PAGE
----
Bailey-Lovie Reading Charts

Reading Chart with unrelated simple sentences or words of equal length and difficulty.

Designed by Dr. Ian Bailey (University of California, Berkeley) and Dr. Amanda H. Lueck (San Francisco State University).
Notations included:  VAR at 40 cm, Points, and M Units (5.0 to 0.16)


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This new set of Bailey-Lovie 2019 reading charts follow the design principles from the original Bailey-Lovie.

The Bailey-Lovie principles ensure that the visual task remains essentially the same at each size level.  That is, from one size level to the next, size is the only significant variable. This requires a logarithmic (constant ratio) progression of print size, and a standardized layout at each size level. (same number of letters or words, same spacing ratios, same number of rows, same font,). With reading charts, the words and sentences, paragraphs or passages should be chosen or designed so that the content and difficulty of the reading task has minimal variation from one size sample to the next. One major advantage of charts with these design characteristics is that the standardization of the task facilitates the assessment of reading speed as a function of print size.

Word & Sentence Reading Charts
The charts may be used for measuring reading acuity and for testing reading speed as a function of the size of the print.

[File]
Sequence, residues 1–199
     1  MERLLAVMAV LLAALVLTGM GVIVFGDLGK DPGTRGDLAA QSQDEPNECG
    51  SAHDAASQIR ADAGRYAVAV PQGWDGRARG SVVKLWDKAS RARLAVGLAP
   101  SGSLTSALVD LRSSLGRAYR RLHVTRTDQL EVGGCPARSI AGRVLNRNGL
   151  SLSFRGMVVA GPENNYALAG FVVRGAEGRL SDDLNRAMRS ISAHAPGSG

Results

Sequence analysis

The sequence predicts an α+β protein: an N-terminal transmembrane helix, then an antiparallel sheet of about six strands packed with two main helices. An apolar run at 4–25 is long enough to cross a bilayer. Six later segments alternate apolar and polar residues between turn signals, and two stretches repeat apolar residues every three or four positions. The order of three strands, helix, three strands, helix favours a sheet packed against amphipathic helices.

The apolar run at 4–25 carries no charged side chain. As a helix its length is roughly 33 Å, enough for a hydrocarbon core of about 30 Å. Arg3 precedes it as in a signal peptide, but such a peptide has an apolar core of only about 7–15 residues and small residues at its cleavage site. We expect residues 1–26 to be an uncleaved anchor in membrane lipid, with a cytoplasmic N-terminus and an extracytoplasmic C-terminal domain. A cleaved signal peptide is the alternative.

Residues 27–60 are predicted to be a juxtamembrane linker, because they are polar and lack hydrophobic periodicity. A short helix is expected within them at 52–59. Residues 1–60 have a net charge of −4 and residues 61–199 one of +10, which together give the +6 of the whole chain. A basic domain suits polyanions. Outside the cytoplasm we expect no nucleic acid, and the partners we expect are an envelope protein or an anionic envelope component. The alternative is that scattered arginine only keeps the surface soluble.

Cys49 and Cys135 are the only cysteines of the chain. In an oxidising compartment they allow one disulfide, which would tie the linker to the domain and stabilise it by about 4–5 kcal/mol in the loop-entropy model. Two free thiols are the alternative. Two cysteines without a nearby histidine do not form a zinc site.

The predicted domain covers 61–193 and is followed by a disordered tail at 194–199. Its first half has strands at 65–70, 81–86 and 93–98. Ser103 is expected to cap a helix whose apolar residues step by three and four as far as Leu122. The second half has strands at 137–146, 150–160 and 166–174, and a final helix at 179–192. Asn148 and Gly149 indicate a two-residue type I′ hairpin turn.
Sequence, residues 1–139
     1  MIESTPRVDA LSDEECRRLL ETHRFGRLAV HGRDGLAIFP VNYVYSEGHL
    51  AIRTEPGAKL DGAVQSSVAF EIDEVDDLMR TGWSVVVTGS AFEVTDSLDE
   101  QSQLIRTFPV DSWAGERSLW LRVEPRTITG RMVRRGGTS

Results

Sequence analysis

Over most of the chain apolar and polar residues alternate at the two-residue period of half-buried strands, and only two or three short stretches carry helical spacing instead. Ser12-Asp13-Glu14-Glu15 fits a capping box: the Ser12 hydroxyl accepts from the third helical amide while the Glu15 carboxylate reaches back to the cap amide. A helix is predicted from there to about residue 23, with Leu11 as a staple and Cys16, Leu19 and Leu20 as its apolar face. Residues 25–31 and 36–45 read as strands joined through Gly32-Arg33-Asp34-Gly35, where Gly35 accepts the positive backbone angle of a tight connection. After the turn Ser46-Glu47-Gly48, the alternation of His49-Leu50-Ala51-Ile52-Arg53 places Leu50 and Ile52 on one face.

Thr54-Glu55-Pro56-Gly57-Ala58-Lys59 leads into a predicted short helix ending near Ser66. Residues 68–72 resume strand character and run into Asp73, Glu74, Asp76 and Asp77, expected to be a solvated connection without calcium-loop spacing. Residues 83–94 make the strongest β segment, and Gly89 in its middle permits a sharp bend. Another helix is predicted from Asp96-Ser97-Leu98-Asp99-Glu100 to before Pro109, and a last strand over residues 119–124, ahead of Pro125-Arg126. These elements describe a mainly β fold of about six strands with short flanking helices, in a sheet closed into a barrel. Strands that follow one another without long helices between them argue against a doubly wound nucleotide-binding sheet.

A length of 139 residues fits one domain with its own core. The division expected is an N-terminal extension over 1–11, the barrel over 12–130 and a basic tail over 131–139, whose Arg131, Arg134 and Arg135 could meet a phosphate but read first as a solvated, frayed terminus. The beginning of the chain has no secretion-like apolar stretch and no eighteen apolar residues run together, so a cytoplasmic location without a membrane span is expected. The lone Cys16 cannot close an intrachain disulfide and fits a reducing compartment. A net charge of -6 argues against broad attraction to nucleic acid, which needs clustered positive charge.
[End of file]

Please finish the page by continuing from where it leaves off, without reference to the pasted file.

Sentences are more representative of real-world reading tasks than are the sets of unrelated words.
One can think of the sentence-reading charts as mainly testing the ability to read, and the word-reading charts as mainly testing the ability to see to read.

Chart design
These charts are in the English language.
The Word charts use unrelated words and, at each size level, there are 10 words arranged in two rows.
The Sentence charts use sentences that have 60-character spaces arranged in two rows.
The words and sentences are at the third-grade level and they were selected or composed by schoolteachers.
The layout has left justification and there is close spacing from one size level to the next.
The size progression is in increments of 0.10 log units (ratio ≈ 1.26).
The font is Times New Roman and the sizes range from 5.0 M to 0.16 M (44 to 1.4 points).
Print sizes are labeled in M-units (the distance in meters at which the lower-case letters subtend 5 arcminutes) and in typography points.
There are also VAR labels for designating visual acuity and these have been calibrated for a viewing distance of 40 cm.

Visual acuity demands for reading typeset materials depend on print size and viewing distance
Visual acuity is an angular measurement. When measuring reading acuity, the visual acuity scores depend on both the size of the print and the viewing distance.
When considering reading speed as a function of print size, the primary variable is the angular size of the print.
Thus, it is important to note the viewing distance(s) as well as the height(s) of the print being read.

Good focus should be maintained.
When testing reading performance, the test cards are at near and vision should be in good focus.
Young patients usually have sufficient accommodation to achieve in-focus vision for most viewing distances.